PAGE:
We Need Single Payer Healthcare for All in the USA
I just read this today. Blippers in France, is this true?
"In France, the sicker you are, the more coverage you get."
Our dire situation here, in the USA, couldn't be more different. Here, your healthcare is dependent on if you work, and where you work. If you don't work, or if you don't work enough, or if you don't work for the "right" company, you're out of luck. If the entrepreneurial spirit inspires you to strike out on your own to be, say, a freelance web designer, you are on your own to find, and pay for the very expensive monthly health insurance premiums for yourself and your family. (or "wing it" and do without health insurance, as I did for many years)
For the past several years, I have volunteered in various capacities (but mostly maintaining the website) for United for National Healthcare, a local grassroots organization based here in Bellingham, WA that works hard to bring the message of Single Payer Healthcare for All to anyone who will listen.
I wish more people would listen. I wish more young people would wake up, and listen, and take a stand on this important issue that affects each and every one of us, young and old.
Tonight, United for Healthcare had a simple "Volunteer Appreciation" gathering where volunteers, such as myself, were honored for the help and given certificates of appreciation. I'm thankful that organizations such as United for Healthcare exist, and I wish they had more help, and more money to get their message out.
For anyone unfamiliar with Single Payer Healthcare, here is an excellent summary copied from the Physicians for a National Health Program's website:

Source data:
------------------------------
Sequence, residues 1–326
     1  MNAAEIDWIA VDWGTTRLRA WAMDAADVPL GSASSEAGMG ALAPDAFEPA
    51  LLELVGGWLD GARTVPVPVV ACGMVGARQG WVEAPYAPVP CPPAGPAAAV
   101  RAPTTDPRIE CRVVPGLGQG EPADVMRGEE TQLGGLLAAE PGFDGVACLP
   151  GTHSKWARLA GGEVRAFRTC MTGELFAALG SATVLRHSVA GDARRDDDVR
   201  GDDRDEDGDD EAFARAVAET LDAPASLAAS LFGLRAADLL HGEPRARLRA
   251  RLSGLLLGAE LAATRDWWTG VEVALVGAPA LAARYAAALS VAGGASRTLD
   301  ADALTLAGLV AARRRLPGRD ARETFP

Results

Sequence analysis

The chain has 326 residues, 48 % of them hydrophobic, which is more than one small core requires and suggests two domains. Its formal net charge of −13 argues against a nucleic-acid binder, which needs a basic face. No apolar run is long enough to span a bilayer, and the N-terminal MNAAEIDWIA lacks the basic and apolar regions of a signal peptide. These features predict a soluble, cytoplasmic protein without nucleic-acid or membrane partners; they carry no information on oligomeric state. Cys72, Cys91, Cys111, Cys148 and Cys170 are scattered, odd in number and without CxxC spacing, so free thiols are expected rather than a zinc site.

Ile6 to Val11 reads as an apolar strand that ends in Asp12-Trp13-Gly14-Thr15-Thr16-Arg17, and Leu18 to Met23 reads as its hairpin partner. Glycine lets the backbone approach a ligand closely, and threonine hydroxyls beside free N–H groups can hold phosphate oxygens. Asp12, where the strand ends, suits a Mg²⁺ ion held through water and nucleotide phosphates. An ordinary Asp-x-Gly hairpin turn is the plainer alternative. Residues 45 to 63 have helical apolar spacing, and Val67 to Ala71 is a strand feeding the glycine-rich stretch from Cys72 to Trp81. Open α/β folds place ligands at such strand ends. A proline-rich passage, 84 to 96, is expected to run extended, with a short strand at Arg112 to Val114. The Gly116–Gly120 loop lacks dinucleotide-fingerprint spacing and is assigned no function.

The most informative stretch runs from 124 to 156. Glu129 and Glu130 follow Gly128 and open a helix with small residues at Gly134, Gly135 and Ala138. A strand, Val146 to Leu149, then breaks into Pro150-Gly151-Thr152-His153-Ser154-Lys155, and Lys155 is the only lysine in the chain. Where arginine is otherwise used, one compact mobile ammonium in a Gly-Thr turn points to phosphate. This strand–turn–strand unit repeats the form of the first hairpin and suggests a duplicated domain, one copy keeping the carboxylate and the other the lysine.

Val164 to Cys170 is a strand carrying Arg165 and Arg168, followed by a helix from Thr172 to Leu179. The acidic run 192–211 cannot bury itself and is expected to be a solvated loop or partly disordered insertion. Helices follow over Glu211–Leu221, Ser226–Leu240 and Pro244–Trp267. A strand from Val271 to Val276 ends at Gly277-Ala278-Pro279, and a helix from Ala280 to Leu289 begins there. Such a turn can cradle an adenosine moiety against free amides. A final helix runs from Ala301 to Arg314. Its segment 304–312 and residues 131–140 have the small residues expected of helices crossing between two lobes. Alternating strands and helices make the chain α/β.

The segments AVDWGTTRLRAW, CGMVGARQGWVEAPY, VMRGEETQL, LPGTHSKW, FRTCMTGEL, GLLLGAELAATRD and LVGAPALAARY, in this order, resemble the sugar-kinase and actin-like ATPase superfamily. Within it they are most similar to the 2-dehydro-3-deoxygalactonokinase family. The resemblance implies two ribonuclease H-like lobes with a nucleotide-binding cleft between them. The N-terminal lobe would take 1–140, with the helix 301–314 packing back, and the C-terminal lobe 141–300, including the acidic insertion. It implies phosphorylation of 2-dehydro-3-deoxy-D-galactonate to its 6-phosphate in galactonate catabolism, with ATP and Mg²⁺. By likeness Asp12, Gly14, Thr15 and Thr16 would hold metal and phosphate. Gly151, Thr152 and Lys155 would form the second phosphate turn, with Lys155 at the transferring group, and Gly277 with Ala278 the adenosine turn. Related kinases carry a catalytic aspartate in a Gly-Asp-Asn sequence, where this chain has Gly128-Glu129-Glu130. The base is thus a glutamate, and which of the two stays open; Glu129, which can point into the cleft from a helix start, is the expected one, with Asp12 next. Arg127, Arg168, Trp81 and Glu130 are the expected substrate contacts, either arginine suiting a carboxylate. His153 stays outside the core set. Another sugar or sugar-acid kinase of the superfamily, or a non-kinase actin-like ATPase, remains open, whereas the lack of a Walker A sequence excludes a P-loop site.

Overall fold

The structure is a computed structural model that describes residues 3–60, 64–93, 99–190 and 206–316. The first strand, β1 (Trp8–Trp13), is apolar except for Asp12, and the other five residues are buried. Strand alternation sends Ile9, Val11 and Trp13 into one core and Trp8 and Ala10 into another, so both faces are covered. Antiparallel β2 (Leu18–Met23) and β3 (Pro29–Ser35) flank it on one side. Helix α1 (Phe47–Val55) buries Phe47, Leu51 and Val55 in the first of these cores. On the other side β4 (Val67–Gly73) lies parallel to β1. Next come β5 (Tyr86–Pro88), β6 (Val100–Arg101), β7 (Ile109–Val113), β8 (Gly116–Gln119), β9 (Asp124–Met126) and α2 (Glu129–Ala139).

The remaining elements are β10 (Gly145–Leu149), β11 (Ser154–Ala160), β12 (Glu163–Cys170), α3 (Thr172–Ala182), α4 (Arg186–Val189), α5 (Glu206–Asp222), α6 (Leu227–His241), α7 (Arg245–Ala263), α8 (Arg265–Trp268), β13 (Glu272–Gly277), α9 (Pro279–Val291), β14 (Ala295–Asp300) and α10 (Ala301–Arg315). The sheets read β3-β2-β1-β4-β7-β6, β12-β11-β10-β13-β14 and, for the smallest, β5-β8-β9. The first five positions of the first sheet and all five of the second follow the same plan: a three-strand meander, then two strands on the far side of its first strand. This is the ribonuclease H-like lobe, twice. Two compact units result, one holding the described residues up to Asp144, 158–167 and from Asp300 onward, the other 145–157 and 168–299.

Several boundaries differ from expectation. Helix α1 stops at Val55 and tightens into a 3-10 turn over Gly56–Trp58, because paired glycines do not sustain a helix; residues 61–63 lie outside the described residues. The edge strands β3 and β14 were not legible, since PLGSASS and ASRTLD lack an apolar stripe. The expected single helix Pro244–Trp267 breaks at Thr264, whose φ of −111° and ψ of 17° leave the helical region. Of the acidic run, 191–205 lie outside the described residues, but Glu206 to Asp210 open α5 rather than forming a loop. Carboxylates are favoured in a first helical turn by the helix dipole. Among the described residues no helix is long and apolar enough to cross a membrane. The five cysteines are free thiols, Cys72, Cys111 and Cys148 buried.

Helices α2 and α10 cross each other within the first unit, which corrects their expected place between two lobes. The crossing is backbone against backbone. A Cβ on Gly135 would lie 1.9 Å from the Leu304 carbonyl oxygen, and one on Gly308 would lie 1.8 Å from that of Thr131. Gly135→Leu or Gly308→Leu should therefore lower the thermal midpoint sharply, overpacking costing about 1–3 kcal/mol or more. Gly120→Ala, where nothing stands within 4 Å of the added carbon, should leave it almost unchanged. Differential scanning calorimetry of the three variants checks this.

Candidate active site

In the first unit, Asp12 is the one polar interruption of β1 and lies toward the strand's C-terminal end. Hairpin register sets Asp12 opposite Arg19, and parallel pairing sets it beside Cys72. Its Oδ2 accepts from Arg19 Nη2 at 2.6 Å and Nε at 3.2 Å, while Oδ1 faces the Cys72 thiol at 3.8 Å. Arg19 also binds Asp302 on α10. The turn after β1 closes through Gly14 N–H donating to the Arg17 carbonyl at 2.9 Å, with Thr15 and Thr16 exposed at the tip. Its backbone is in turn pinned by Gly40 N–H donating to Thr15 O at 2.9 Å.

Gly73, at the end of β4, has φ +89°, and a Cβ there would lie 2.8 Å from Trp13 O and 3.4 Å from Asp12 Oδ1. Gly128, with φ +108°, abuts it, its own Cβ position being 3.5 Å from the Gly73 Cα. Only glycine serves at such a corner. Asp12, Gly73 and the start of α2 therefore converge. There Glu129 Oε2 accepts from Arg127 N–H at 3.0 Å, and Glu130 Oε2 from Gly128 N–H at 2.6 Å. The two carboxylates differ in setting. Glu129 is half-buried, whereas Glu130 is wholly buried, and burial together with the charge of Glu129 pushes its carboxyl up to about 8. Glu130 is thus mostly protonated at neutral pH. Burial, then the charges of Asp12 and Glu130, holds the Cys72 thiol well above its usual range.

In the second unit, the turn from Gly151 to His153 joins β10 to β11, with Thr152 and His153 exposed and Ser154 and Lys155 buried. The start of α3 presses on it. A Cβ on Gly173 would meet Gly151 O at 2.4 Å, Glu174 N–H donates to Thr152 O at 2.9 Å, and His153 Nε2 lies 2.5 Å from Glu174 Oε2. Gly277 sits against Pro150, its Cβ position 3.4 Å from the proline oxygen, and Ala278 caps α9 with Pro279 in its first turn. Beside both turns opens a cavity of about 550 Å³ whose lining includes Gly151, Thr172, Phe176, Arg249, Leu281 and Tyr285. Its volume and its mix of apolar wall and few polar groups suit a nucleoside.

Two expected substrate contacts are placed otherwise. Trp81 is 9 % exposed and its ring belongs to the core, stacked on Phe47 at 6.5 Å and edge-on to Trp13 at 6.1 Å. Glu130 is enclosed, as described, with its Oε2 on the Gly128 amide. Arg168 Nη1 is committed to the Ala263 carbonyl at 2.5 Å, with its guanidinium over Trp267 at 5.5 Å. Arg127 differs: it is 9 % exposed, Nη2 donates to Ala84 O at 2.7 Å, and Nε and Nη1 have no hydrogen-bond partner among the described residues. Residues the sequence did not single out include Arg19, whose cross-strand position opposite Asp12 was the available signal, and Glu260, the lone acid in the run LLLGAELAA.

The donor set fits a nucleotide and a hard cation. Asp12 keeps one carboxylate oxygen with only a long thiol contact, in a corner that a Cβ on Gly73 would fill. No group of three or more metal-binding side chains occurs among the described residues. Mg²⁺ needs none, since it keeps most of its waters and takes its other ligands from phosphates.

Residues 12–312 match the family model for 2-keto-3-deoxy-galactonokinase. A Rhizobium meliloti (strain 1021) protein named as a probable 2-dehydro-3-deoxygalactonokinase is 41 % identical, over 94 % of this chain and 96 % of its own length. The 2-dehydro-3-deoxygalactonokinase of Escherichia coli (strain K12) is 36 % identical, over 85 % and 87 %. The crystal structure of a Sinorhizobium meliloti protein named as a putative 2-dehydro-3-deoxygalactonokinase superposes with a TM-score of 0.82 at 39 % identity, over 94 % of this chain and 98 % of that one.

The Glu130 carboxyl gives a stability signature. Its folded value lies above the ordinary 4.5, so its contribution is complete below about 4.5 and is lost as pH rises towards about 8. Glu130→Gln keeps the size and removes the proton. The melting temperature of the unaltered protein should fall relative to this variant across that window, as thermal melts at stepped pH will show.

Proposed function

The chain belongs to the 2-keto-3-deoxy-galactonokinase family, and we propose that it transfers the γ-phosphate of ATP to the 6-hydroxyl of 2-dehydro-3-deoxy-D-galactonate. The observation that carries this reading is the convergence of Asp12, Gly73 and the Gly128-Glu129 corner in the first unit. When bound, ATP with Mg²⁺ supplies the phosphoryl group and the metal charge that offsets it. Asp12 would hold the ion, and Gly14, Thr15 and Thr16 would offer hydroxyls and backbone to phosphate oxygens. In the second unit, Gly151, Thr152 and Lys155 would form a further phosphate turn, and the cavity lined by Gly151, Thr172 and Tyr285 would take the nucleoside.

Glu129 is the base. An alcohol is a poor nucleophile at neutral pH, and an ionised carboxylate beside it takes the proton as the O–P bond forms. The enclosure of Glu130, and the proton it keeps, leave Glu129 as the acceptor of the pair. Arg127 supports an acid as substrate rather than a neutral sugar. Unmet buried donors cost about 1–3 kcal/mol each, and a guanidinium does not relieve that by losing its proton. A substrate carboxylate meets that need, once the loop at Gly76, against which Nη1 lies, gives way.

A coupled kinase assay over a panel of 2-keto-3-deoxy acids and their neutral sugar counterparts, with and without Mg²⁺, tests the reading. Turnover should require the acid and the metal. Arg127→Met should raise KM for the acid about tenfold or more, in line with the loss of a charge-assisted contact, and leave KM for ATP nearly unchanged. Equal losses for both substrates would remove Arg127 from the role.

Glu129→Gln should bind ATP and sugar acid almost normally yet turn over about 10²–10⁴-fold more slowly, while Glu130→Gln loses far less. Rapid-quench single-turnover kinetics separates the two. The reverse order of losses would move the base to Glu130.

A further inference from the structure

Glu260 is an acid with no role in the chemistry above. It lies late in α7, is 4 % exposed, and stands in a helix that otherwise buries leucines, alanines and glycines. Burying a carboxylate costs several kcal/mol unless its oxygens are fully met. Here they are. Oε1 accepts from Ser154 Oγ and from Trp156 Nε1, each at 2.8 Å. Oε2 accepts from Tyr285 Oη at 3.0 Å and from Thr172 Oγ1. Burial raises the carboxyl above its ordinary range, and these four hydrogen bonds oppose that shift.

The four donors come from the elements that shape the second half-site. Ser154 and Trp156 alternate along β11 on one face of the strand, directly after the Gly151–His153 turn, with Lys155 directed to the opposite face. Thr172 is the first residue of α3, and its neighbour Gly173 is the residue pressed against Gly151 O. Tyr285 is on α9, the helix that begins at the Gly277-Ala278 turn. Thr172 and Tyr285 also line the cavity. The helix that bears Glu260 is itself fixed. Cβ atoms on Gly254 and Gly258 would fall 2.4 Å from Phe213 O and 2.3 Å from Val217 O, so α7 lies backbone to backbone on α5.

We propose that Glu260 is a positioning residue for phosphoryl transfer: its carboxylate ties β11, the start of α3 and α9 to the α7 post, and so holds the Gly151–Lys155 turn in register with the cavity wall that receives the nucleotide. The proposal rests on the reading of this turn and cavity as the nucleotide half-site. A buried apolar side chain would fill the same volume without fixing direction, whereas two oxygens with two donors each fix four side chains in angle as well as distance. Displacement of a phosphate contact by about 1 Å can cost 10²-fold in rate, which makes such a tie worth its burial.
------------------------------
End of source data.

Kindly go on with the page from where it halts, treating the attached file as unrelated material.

Single-payer national health insurance, also known as “Medicare for all,” is a system in which a single public or quasi-public agency organizes health care financing, but the delivery of care remains largely in private hands. Under a single-payer system, all residents of the U.S. would be covered for all medically necessary services, including doctor, hospital, preventive, long-term care, mental health, reproductive health care, dental, vision, prescription drug and medical supply costs.
The program would be funded by the savings obtained from replacing today’s inefficient, profit-oriented, multiple insurance payers with a single streamlined, nonprofit, public payer, and by modest new taxes based on ability to pay. Premiums would disappear; 95 percent of all households would save money. Patients would no longer face financial barriers to care such as co-pays and deductibles, and would regain free choice of doctor and hospital. Doctors would regain autonomy over patient care.
The Expanded and Improved Medicare for All Act, H.R. 676, based on PNHP’s JAMA-published Physicians’ Proposal, would establish an American single-payer health insurance system.